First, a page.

The Hispanic Heritage Foundation and Infosys Foundation USA today announced that dominant female Latin recording artist Natti Natasha will serve as the spokesperson for the CSL (Code as a Second Language) en Español program.
The national initiative will introduce computer science to English Language Learners (ELLs) through one of the first Spanish-language, coding options in the nation.
“I am inspired in every way by my Latino heritage,” said the Award-Winning Natti Natasha. “It is in my music, it is in my soul, it is in every part of my life. I also understand my responsibility to our community, especially to youth. More than half of all jobs in the United States require technical skills, but most students don’t have access to computer science education. That is why I am working with the Code as a Second Language program to make sure Latinos and other underrepresented youth learn to code.”
Currently, 3.8 million K-12 students in the U.S. are classified as ELLs with Spanish as their primary language. Currently, in the national dialogue around Computer Science (CS), ELLs are left out of the conversation because Spanish-language options don’t really exist. CSL en Español will support the development and delivery of a Spanish-language coding instruction option for K-5 children. The program is structured as a guided, grade-specific, self-paced learning with interactive assignments that do not require prior background in computer programming. Elementary school teachers will be provided with professional development to easily integrate CSL en Español into their teaching plans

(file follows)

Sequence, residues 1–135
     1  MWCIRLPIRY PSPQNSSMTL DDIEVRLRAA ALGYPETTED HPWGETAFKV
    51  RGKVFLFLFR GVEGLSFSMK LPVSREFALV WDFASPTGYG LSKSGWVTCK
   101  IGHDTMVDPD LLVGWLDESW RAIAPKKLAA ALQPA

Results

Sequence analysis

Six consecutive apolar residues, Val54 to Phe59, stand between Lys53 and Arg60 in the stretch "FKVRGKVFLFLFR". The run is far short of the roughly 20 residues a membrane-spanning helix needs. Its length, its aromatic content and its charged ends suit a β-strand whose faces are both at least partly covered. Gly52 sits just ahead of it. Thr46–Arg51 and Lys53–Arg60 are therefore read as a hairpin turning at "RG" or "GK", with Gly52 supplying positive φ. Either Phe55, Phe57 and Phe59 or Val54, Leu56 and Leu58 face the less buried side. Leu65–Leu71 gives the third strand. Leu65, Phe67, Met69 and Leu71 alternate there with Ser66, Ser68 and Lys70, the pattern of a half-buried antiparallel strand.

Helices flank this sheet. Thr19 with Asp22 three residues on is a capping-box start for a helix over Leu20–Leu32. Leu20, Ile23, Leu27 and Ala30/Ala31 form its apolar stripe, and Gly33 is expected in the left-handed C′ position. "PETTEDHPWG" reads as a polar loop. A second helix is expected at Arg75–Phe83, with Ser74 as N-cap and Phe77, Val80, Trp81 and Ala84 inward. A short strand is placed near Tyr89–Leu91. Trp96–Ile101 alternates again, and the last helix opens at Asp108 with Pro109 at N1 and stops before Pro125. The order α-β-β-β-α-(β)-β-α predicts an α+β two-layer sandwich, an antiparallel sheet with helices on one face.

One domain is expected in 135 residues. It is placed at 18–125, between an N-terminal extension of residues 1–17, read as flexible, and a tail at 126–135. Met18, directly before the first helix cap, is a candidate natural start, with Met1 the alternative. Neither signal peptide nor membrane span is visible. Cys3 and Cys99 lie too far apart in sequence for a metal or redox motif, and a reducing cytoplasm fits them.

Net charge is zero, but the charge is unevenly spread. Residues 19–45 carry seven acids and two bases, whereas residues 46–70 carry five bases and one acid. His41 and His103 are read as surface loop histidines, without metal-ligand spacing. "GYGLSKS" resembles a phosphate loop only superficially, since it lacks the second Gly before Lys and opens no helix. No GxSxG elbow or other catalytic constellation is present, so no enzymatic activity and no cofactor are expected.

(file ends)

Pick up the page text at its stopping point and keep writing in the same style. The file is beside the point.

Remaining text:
“We are thrilled that the amazing Natti Natasha will serve as the spokesperson for our the CSL en Español program,” said Antonio Tijerino, President and CEO of HHF. “As a global star and public figure, Natti is using her position to impact Latino youth who have tremendous potential but need resources in Spanish to help them advance in their education and careers. The Hispanic Heritage Foundation and Infosys Foundation USA are proud to have Natti as a powerful voice on the importance providing access to computer science education in Spanish.”